Police pulled over this elderly motorist after she was spotted driving with ...
Police pulled over this elderly motorist after she was spotted driving with her windscreen covered in thick snow.
The pensioner was on the roads in hazardous and freezing conditions with a layer of snow and ice across the top of her blue Nissan.
She had managed to move her windscreen wipers just a few inches to clear a tiny area of glass to peer out from.
Police say she had left the house to buy food when she was spotted by a traffic officer who pulled her over - and gave her an ice scraper.
Enlarge Reckless: Shocked walkers stare as the elderly driver of this car in Tiverton, Devon, struggles to see out of her windscreen
The woman was caught on camera by a member of the public as she drove in Tiverton, Devon, on January 6.
A spokesman for Devon and Cornwall police said they were using the image to remind drivers to use common sense and clear vehicles of ice and snow before attempting to drive.
Peering through: The clearest part of the windscreen was on the passenger's side of the car
He said: 'A member of the public spotted some hazardous driving which they captured on camera. The image shows a car being driven by an elderly lady.
'The lady, who was driving to pick up food and medication, was spoken to by police who also provided her with an ice scraper.
'Officers also spoke to the lady's neighbours and have asked them to offer help in the future.' Inspector Matt Lawler added: 'This is an extreme example, but shows how important it is for drivers to listen to the warnings and advice that police and other agencies are offering.
'I don?t think we are asking a lot - just for some common sense to avoid unnecessary accidents.'
The warning comes after a pair of 'stupid' thrill-seekers face court after allegedly driving along a frozen canal in a car.
The pair narrowly escaped death after their vehicle broke through ice on the Union Canal in West Lothian plunging them into the freezing water.
Police branded the hapless driver and his passenger 'stupid' after they were spotted motoring along the frozen canal near Winchburgh on Monday afternoon.
The men are alleged to have driven down a slip road to a popular picnic and dog walking spot by the water, before edging on to the ice.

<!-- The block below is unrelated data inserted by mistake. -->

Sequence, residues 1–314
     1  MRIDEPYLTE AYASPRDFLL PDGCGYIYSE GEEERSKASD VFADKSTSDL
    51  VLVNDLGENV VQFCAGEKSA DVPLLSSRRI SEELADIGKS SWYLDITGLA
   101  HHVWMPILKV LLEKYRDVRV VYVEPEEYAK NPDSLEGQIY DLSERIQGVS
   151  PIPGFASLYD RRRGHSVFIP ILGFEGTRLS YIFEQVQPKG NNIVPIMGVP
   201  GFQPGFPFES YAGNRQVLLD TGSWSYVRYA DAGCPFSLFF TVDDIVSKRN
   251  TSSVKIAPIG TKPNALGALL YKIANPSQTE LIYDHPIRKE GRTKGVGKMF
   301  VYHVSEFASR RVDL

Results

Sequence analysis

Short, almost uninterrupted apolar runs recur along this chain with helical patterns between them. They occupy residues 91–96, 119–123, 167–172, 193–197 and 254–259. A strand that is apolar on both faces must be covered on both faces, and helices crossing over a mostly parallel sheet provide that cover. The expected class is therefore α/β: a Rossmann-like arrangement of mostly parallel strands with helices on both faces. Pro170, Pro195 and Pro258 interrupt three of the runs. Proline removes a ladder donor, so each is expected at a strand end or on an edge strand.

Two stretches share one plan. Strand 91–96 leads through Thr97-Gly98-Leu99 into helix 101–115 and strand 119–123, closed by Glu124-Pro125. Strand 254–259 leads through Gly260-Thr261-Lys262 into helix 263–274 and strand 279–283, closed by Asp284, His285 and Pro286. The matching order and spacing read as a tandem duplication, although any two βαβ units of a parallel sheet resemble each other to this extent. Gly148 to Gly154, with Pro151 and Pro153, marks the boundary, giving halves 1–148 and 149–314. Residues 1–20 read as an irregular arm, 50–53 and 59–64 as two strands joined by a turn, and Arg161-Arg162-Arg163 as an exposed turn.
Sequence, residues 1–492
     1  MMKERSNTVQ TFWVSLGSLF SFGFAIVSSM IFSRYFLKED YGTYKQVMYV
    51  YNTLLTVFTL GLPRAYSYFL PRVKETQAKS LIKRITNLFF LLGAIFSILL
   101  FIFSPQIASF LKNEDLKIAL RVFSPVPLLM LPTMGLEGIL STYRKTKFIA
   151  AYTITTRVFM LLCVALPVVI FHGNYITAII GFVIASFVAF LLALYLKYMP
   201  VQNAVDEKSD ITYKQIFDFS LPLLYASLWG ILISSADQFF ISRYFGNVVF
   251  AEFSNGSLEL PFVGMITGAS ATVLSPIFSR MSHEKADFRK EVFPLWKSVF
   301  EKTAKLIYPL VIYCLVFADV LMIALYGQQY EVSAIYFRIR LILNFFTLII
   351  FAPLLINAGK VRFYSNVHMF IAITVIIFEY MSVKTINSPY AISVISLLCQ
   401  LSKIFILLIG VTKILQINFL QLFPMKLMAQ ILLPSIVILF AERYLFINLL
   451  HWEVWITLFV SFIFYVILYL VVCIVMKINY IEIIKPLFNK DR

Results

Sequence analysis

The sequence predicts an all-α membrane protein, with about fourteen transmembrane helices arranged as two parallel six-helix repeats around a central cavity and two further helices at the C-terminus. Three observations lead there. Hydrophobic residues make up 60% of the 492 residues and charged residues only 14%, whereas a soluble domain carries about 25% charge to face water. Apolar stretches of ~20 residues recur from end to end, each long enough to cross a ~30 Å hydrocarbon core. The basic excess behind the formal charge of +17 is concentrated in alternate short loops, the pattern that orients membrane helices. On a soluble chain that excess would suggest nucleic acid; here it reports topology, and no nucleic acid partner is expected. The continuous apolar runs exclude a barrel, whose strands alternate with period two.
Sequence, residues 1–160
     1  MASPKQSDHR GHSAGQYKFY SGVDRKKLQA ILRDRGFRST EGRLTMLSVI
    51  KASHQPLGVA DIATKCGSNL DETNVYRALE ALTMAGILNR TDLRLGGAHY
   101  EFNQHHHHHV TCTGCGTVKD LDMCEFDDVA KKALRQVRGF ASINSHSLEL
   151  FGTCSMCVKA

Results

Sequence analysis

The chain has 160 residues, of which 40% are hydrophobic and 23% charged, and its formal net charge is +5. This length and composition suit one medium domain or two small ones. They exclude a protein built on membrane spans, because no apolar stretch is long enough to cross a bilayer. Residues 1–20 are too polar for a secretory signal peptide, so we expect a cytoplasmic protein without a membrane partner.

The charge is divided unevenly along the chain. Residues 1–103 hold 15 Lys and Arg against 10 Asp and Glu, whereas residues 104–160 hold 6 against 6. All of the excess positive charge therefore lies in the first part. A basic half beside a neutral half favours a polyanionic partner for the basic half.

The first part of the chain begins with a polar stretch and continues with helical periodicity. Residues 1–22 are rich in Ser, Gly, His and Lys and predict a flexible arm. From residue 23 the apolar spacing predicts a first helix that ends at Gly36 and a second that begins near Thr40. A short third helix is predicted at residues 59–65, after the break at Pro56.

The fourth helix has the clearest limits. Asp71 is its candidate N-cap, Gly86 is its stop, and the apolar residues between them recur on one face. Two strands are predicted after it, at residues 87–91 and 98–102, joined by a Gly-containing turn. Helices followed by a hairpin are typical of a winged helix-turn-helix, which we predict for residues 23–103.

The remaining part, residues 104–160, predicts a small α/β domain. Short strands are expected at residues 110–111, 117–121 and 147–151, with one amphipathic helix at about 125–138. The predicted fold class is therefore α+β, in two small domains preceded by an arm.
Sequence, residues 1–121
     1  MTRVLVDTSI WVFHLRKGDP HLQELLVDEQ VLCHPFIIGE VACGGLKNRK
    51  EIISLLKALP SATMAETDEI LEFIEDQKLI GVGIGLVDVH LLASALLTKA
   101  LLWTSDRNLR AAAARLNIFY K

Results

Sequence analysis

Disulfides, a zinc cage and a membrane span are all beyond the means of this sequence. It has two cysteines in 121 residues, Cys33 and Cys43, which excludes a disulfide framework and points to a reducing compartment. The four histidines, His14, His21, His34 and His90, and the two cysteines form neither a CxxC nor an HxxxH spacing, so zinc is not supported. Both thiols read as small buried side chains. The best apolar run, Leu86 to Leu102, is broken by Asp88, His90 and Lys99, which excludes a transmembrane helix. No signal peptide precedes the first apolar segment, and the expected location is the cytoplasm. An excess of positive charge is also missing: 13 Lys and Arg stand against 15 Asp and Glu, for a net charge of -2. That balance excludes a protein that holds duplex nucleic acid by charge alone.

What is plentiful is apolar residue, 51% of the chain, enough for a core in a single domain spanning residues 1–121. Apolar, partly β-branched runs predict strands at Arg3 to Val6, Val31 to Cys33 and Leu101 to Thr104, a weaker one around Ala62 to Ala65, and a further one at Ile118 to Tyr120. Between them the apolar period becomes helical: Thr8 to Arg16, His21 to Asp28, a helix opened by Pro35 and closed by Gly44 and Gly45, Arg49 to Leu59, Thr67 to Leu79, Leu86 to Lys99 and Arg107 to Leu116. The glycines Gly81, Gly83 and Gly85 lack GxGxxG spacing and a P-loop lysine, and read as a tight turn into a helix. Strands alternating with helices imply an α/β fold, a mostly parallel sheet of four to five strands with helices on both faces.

The black Peugeot got about half a mile down the canal before the fragile ice gave way and the front of the car smashed into the water.
Enlarge The men allegedly drove for half a mile on the ice before their car crashed into the water
Enlarge Tyre tracks leading to the spot where the 'stupid' thrill-seekers smashed through the ice
With no other signs of broken ice around the car, the driver and passenger - aged 22 and 24 - are thought to have dragged themselves to the bank before fleeing the scene.
When police arrived after being called by a passerby, they found the car sticking out of the water with the front end submerged.
A map book joined rubbish floating around inside the abandoned Peugeot just yards away from a footbridge across the canal.
Police eventually tracked the two suspects down and charged them with reckless conduct.
Yesterday most of the car was under water, with just the open boot sticking out into the cold air, with tyre tracks still visible on the melting surface.
The pair are now due to appear at Livingston Sherriff Court next month.
The submerged car lies in the frozen Union canal near Winchburgh in central Scotland
Lothian and Borders Police said it was 'an example of the type of stupidity' that they were dealing with thanks to the winter weather.
A police spokesman said: 'While it goes without saying that the vast majority of people have the good sense not to take their vehicles on to frozen waterways, this incident serves as an example of the type of stupidity that the emergency services occasionally have to deal with.
'There is no doubt that these two individuals had a lucky escape, and had the canal been deeper there could very well have been a different outcome.
'At this time we would like to join British Waterways in reminding people of the dangers of stepping onto frozen surfaces, let alone driving on them.
'The ice is now starting to thin, and there is always going to be the danger that it will give way, with potentially fatal consequences.'
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